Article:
Technotise: Edit & I

Technotise: Edit & I

Technotise: Edit & I is a Serbian animated feature film. The plot is set in 2074 in Belgrade. The main character is Edit Stefanović, a female psychology student who, after failing the same university exam for the sixth time, decides to visit a dealer on the black market who installs a stolen military chip in her body that will record everything she sees to help pass the exam. Edit also has a job at a scientific and social research company, in taking care of Abel Mustafov, an autistic math genius who discovered a formula that connects all forces in the world, but no computer was able to calculate it fully without becoming self aware and shutting down immediately after that. After Edit sees the formula graph, the chip calculates the formula, able to "survive" thanks to its connection to Edit, develops a parallel personality and affords her abilities greater than she ever imagined...

Belgrade 2074. Edit is a student. After a few failed exams she decides to implant a memory chip... but, something strange starts happening to her. . You can read more in Google, Youtube, Wiki


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Technotise: Edit & I torrent reviews

Andy M (nl) wrote: Truly awful!time and again a character would speak and not be shown, as soon as the camera pans to the speaker they stop speaking. The acting is as wooden as a Thunderbird puppet and 'special effects' couldn't be less impressive if they'd tried to make them badly. Absolutely dreadful!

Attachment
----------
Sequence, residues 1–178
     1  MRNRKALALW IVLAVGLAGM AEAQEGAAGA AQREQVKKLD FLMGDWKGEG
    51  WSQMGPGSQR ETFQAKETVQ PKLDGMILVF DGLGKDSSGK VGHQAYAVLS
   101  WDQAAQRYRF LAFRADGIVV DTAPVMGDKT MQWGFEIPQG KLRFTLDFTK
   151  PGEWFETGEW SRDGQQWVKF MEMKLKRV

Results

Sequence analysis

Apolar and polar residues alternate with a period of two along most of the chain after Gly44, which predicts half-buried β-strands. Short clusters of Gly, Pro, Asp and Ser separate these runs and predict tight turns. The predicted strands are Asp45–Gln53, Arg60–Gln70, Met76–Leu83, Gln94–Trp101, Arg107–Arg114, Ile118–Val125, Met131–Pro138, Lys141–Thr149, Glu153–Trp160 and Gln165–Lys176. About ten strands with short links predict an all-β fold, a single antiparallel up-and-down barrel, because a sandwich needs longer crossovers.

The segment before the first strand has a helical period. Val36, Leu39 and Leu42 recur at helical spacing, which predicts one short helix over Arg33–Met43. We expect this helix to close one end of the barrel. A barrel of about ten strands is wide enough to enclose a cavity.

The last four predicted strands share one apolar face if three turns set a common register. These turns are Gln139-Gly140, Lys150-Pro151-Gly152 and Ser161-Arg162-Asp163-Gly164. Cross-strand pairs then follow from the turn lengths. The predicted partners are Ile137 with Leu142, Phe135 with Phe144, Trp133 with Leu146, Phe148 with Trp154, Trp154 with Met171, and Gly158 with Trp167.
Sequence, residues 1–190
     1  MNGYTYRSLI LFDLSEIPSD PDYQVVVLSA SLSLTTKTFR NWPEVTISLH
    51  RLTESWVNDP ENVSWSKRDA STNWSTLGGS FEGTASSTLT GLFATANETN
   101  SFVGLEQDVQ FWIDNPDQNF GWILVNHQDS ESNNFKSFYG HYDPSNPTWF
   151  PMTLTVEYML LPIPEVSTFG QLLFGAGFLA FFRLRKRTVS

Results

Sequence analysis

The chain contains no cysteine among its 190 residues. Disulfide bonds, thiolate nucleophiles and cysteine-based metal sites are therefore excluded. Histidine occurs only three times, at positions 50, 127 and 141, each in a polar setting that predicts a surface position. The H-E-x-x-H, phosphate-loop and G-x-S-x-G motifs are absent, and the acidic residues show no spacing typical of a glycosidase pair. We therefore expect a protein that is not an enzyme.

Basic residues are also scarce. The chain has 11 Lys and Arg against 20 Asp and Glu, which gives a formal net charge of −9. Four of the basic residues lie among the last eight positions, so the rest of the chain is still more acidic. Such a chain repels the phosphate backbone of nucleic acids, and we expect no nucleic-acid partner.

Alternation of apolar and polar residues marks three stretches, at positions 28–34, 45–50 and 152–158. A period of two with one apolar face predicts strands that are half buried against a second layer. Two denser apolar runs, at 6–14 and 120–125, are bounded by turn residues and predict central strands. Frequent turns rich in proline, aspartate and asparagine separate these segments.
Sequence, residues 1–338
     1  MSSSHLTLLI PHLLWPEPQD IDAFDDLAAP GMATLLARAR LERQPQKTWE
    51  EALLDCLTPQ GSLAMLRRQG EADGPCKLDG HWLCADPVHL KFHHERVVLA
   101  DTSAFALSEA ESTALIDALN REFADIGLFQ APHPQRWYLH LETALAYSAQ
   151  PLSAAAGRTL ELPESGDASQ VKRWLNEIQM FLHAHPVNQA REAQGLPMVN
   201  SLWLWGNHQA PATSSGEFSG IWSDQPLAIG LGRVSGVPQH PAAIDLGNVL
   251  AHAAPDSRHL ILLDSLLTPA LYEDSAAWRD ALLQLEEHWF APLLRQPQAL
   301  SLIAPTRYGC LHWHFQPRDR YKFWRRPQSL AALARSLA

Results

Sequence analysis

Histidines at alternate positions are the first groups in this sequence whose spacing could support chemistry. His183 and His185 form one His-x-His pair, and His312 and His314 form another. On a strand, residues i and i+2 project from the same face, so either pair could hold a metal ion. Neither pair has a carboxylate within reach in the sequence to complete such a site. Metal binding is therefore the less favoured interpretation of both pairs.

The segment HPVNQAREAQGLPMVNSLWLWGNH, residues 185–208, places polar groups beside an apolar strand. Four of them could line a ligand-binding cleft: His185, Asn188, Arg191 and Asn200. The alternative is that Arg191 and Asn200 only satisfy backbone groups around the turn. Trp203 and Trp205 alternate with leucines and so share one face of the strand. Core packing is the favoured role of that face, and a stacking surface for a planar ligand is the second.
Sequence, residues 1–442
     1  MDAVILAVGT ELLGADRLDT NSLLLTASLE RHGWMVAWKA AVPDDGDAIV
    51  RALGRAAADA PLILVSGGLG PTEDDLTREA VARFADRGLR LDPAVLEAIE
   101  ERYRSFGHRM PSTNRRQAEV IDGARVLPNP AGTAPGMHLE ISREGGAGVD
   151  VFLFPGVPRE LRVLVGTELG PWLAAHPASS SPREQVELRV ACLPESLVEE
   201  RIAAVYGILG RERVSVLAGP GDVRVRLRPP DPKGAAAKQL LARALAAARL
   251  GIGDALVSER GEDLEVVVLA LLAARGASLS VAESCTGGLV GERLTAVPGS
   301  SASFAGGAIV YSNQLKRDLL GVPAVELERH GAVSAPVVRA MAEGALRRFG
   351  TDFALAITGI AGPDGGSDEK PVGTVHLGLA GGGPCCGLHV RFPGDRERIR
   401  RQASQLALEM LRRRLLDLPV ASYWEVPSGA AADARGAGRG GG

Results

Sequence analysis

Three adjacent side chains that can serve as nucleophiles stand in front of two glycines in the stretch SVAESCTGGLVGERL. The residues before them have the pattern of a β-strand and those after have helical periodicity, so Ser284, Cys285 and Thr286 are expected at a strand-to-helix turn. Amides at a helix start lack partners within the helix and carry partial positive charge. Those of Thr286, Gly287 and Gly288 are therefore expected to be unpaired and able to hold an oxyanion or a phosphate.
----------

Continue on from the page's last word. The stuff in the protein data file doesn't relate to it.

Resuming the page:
Raul B (fr) wrote: Good Spanish film about 3 female detectives, (something you don't see much in the movies), each with their own cases as well as their own struggles with life and relatioships. Very good absorbing performances from all the three leads.

Abhishek S (us) wrote: Funny, caustic and clever writing. Competently acted by Aaron Eckhart and clever direction by Jason Reitman. He is an original.

Aaron G (br) wrote: eh it was ok but i wish there was more action in it but hey this is my second godzilla movie ive seen

Jack C (ag) wrote: Tight, thrilling, and chillingly relevant, this is both a compelling sequel and a captivating prequel. McDowall left Andy Serkis some large prehensile-toed shoes to fill.